The performance of the insurance sector in relation to business continuity and interruption covers is well reported in the media and subject, we understand, to scrutiny by regulators. We are concerned that similar issues may arise in relation to liability covers.


Travel insurance


A functioning travel insurance market is essential to provide consumers with confidence to book travel services – domestic, outbound, and inbound.

However, over recent weeks, the travel insurance market has effectively withdrawn, or those underwriters still on sale for ‘trip’ insurance are excluding all Covid-19/pandemic risks for forward sales. This has resulted in confusion about cover for existing sales, which consequently poses a significant reputational risk issue. ABTA is urging HM Treasury, the Financial Conduct Authority and the Financial Ombudsman Services to look at this issue urgently, and to work with the Association of British Insurers (ABI) and other insurance industry stakeholders, to ensure the availability of adequate insurance cover, including medial cover, to enable confidence in travel to return once lockdown measures and FCO Travel Advice are lifted. A properly functioning insurance market will enable customers to book replacement travel later this Summer, next Winter and for Summer 2021, and therefore will play an extremely important role in the recovery of the sector.


In addition, we would ask ministers to review the rate of insurance premium tax levied on travel insurance, which is currently set at the higher rate of 20%. A reduction from 20% to the lower rate of 12% would help to boost consumer demand when the travel and insurance markets fully re-open, and align with the FCO’s objectives of encouraging maximum levels of take-up of insurance for overseas holidays.


Insolvency protections


The Queen’s Speech in December 2019 promised legislation on Airline Insolvency rules within the UK, and ABTA now urges the Government to proceed with a thorough consultation on the Independent Airline Insolvency Review, which was conducted after the failure of Monarch Travel Group in October 2017, and prior to the subsequent failure of the Thomas Cook Group in September 2019. The Covid-19 crisis, and ensuing difficulties with issuing of consumer refunds, has highlighted the serious disparity in consumer financial protection between airlines and travel organisers operating within the Package Travel Regulations, and this must be a focus of the Government consultation.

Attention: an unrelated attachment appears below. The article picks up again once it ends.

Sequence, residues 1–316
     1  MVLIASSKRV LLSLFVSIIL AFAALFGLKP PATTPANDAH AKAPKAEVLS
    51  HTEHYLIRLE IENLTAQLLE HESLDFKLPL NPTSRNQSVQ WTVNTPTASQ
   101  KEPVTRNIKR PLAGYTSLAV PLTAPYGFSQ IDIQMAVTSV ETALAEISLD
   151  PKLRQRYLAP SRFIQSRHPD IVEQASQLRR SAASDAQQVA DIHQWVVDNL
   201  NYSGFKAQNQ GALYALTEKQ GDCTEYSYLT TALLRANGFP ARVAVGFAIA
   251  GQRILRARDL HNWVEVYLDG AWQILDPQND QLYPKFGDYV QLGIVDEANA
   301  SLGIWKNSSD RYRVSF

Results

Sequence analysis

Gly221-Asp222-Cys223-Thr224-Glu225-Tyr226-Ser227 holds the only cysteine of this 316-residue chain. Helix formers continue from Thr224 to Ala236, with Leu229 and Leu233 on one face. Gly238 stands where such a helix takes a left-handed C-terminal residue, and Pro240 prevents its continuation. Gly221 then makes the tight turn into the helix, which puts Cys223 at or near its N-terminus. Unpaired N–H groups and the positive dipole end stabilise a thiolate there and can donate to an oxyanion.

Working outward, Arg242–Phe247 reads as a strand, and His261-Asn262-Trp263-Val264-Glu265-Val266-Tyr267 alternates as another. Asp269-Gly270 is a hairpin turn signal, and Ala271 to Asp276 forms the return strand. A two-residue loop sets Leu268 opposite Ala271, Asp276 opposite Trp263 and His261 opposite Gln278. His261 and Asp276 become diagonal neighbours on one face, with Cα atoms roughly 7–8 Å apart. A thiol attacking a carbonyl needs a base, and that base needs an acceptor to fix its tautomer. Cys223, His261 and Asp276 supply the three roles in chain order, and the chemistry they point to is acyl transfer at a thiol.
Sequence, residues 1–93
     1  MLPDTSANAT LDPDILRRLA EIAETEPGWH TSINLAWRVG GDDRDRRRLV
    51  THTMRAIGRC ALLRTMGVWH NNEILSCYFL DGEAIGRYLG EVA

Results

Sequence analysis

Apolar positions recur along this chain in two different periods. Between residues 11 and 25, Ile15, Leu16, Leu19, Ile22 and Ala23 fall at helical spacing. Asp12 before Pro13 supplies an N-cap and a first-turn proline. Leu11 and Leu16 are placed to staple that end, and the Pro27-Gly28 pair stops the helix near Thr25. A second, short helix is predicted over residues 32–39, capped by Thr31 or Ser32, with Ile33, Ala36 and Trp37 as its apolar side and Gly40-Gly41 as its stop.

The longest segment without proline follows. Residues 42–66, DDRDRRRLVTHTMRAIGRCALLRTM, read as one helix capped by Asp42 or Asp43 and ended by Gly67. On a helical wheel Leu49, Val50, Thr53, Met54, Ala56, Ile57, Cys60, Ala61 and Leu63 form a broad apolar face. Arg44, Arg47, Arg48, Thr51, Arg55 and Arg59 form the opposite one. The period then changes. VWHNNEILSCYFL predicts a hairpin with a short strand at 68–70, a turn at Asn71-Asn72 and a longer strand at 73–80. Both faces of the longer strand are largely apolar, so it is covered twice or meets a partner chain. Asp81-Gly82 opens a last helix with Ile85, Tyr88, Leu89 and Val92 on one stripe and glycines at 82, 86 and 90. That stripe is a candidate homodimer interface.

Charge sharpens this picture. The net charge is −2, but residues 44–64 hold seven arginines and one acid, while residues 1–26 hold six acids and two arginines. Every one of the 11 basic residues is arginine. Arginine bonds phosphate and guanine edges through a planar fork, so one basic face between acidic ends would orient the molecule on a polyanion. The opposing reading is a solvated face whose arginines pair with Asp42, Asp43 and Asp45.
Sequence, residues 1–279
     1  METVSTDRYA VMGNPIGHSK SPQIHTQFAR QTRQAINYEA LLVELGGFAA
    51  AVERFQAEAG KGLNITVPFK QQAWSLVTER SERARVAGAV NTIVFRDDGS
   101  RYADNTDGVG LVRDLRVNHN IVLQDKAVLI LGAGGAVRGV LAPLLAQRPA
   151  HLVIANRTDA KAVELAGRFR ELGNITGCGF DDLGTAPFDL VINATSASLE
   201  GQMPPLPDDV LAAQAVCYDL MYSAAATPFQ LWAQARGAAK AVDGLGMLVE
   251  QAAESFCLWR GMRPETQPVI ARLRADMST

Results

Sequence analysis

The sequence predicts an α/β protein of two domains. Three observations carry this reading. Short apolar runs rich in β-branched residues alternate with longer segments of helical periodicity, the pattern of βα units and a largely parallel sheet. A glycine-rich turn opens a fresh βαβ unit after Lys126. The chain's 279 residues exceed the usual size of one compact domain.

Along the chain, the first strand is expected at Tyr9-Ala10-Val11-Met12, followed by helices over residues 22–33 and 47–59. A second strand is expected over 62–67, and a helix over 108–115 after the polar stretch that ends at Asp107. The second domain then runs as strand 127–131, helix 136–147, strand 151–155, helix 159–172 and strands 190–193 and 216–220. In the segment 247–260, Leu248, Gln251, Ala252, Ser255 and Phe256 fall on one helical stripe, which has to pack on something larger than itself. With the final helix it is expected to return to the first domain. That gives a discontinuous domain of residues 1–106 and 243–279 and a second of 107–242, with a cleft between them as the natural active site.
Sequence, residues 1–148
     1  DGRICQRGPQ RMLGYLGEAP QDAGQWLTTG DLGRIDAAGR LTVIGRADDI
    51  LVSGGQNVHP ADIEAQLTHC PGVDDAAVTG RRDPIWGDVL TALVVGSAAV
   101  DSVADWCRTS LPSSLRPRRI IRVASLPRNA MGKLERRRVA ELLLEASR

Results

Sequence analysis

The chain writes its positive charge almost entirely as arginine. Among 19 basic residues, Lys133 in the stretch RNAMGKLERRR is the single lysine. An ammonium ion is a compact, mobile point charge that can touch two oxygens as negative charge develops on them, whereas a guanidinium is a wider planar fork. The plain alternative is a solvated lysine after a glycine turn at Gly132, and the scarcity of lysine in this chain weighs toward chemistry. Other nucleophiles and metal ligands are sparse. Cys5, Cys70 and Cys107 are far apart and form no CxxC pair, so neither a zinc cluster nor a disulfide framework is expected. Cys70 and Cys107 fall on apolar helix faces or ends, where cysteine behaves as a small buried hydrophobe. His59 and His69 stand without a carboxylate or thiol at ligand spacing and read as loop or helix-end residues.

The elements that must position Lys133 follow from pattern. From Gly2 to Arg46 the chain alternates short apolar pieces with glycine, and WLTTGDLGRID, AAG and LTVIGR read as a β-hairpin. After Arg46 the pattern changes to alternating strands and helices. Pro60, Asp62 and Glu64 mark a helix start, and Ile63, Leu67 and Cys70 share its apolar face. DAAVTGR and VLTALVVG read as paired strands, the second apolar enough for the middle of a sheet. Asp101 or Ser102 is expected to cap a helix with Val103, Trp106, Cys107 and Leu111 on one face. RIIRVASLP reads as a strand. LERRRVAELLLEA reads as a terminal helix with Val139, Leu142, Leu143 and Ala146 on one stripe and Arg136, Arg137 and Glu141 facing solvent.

The recent round of Bond renewals for ABTA and the CAA, which was due to complete on 30 March and is still ongoing, is a concern.


A number of key institutions in this market, Swiss RE, Zurich and others, are taking positions which range from withdrawal to a highly selective approach. It is our understanding that the CAA and ATT are experiencing the same market issues with renewals, also affecting the ATT insurance programme.


We are extremely concerned that this situation will only become more difficult in the short term and that as the CAA and ABTA (along with the two other BEIS Approved Bodies) move through the worst of the crisis to come for travel during the Summer, the September round of ATOL and Bond renewals is likely to be even more difficult.


Government and the independent regulators should encourage financial institutions to look beyond the relatively short term, if sharp, impacts of this crisis, to allow markets to return to ‘normal’ functioning.


APD holiday for summer 2021


The UK charges the highest rates of air departure taxes in the world, and significantly more than those levied by our European competitors. As such, Air Passenger Duty is one lever available to the UK Government to provide a short-term boost in demand, which could mitigate some of the anticipated fall in demand for international air travel in the coming years. ABTA is calling for a temporary suspension of Air Passenger Duty, to be introduced as quickly as possible and covering the summer season 2021. This measure should be combined with robust consultation about the future of aviation tax reform, and progress on the promised review into domestic connectivity.